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Graph of Linear Equations in Two Variables
• Last Updated : 28 Mar, 2021

Linear equations are the first-order equations, i.e. the equations of degree 1. The equations which are used to define any straight line are linear, they are represented as,

x + k = 0;

These equations have a unique solution and can be represented on number lines very easily. Let’s look at linear equations in two variables, how they are represented, their graphs, and their solutions.

A linear equation in two variables is represented as,

ax + by = c,

Where a, b, and c are real numbers.

For example: 3x + 5y = 6 is an example of linear equation in two variables.

### Solution of a Linear equation

Solutions of the linear equations are the points (x, y) that satisfy the given equation. Let’s see it with an example

x + y = 4

We will study the solutions to this equation.

x = 2 and y = 2 is a solution to this equation, so is x = 0 and y = 4 and (4, 0). We have got three points that satisfy this equation. But there are more than three points. For every value of x or for the value of y, we might get a value of the other variable. This shows that there infinitely many possible solutions to this equation.

So, a linear equation in two variables has infinitely many solutions. If we plot these solutions on a graph, how do they look? Let’s see the graphs of the linear equations.

The equations presented in the introduction, that is linear equations in one variable can also be represented in this form. Let’s see it through an example

Question 1: Represent the following linear equation in one variable as a standard two-variable linear equation.

x + 6 = 0

We need to bring it in the standard two variable linear equation form,

ax + by + c = 0

x + 6 = 0

Can be re-written as,

1.x + 0.y + 6 = 0.

Now we need to look at how to formulate these equations in real-life.

Question 2: Eric and Kyle go to a Halloween candy shop to buy some candies for “trick or treat” on Halloween. Eric buys 6 cola candies and Kyle buys 10 sour-sweet tooth candy. Shopkeeper asks for Rs 150 for all the candies. Formulate an equation for this situation to find out the cost of Cola and Sour-Sweet candy.

Let’s say cost of Cola candy is “x” and cost of “Sour-Sweet” candy is “y”. Notice that problem has two variables, so we will have to formulate linear equation in two variables to represent this equation.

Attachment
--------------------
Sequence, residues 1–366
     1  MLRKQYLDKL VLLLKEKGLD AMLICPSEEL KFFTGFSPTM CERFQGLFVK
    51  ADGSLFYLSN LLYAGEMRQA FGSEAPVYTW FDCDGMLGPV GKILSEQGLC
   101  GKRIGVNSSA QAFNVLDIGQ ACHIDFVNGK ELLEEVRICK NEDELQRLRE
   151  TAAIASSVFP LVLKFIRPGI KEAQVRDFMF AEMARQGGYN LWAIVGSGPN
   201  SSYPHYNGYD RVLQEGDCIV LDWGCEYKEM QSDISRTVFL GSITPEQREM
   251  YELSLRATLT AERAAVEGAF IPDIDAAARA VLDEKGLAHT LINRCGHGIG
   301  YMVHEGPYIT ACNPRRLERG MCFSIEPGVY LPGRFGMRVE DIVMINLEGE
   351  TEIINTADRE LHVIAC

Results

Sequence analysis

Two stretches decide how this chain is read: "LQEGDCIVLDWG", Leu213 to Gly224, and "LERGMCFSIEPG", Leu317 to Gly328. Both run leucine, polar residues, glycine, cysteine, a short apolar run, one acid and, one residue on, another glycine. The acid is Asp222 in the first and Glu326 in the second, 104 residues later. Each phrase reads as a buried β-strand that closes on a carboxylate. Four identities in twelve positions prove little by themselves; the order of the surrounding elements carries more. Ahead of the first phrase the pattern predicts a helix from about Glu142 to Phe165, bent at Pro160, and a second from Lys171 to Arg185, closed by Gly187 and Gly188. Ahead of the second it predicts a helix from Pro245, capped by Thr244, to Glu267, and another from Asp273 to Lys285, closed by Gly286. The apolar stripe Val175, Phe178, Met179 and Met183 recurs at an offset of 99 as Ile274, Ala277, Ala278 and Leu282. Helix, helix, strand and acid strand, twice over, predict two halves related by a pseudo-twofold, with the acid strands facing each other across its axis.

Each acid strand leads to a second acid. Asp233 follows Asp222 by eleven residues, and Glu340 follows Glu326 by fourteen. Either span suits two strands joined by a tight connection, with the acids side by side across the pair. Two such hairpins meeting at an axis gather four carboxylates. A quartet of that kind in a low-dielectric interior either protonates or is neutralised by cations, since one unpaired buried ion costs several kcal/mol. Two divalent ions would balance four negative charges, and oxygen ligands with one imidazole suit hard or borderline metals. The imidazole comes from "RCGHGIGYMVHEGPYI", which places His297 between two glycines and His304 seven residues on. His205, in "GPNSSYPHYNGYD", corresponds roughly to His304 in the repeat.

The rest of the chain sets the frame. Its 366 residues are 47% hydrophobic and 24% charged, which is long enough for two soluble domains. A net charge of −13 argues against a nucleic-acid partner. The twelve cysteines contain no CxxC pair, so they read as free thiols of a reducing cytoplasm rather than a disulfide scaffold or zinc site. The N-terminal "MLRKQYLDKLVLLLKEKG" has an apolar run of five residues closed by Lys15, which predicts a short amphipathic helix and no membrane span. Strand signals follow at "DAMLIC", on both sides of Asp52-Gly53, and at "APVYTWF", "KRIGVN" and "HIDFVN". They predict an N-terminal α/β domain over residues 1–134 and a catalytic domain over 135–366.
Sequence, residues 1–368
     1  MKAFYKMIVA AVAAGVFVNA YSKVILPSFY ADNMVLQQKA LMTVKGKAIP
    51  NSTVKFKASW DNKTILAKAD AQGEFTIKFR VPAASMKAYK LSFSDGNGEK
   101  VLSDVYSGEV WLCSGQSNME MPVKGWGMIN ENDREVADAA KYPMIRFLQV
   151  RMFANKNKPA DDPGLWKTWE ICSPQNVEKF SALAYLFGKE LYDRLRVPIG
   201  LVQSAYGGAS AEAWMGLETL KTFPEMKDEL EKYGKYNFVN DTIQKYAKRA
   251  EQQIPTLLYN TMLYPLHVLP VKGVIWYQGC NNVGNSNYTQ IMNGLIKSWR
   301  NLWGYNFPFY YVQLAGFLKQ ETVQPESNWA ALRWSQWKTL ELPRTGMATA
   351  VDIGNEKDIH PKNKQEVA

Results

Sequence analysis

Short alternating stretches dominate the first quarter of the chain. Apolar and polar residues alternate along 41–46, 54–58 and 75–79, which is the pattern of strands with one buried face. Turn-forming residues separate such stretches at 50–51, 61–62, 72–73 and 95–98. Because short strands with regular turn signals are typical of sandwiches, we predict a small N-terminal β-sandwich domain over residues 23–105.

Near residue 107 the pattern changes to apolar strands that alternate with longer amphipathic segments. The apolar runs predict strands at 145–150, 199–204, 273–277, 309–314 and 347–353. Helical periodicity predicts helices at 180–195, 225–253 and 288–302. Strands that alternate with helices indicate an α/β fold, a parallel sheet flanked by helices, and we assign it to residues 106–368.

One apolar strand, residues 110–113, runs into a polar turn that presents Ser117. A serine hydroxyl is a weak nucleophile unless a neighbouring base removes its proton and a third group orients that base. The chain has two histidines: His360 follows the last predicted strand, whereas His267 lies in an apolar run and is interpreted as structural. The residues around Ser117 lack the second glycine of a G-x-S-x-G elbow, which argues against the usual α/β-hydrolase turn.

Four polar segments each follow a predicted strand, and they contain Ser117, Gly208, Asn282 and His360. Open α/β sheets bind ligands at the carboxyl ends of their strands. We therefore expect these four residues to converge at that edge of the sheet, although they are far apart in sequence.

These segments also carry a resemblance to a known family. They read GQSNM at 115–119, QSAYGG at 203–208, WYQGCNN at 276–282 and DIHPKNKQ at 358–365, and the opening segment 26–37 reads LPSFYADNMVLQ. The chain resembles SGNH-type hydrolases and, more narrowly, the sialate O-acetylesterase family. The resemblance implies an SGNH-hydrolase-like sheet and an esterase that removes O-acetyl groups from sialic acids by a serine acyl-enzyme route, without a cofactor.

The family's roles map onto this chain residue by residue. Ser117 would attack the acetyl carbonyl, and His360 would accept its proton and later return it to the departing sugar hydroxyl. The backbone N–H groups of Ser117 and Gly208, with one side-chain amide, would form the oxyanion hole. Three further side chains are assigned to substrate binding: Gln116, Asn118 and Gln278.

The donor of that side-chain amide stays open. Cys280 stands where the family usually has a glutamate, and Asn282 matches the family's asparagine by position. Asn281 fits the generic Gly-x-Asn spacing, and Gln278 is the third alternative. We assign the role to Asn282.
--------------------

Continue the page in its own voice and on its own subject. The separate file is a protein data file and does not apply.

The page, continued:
Cost of 6 cola candies = 6x,

Cost of 10 Sour-Sweet candies = 10y

Total Cost = Cost of 6 cola candies. + Cost of 10 Sour-sweet Candies.

150 = 6x + 10y

Thus, this is our required equation.

## Graphs of the Linear Equation

Graphs for linear equations are drawn to obtain the straight lines, they are drawn with the help of coordinates of both the axis, getting such pairs on the graph and trying to create a pattern out of it gives us the straight lines. In the given linear equation, put different values of x in order to get different values of y, say, the pairs obtained are (x1, y1), (x2, y2), (x3, y3)…and so on. Now plot these points on the graph to get the straight line.

### Plotting the points

Following are the steps to plot points on the graph:

Step 1: Pick different values of x

Step 2: Substitute those values in the given equation to solve for the values of y

Step 3: Plot the obtained respective pairs on the graph

Step 4: Obtaining such pairs (at least two or more than two) would help us identify how the straight line goes.

### Finding X and Y Intercepts

Following are the steps to find x and y-intercepts:

Step 1: In order to find y-intercept, set x= 0, and solve for the value of y

Step 2: In order to find x-intercept, set y=0, and solve for the value of x

Step 3: Plot both the point on the graph and join them with a straight line.

### Sample Problems

Question 1: Plot the graph of the equation,

x + y = 4

Solution:

Let’s list out the solutions of this equation.

If we keep on listing these solutions, we will see that they form a straight line. Let’s plot that line of the graph. Question 2: Plot the graph of the equation,

2x – 4y = 12

Solution:

Let’s list out the solutions to this equation,

We can join any of two these points to get the line. Let’s see some examples for linear equations which are parallel to x-axis and y-axis.

Question 3: Plot the graph of the following equation.

y = 6

Solution:

The equation when written in the form of linear equation in two variables.

0.x + 1.y = 6

We can see that it doesn’t matter what value of “x” we put in, it won’t affect the equation. So, to satisfy the equation value of “y” must be 6. Thus, our solution must have y = 6 and any other value of “x” will work.

So, the graph will look like this, Notice that this graph is parallel to x -axis.

Question 4: Plot the graph of the following equation.

x = 7

Solution:

Similar to above question, this equation can be represented as.

1.x + 0.y = 7

Here, value of “y” doesn’t matter and the value of “x” must be 7.

So, plotting this on the graph. Thus, this is graph for x = 4.

Note: In general for any equation x = k, the graph will always be parallel to the y-axis. Similarly, the equation for y = k, the graph will always be parallel to the x-axis.

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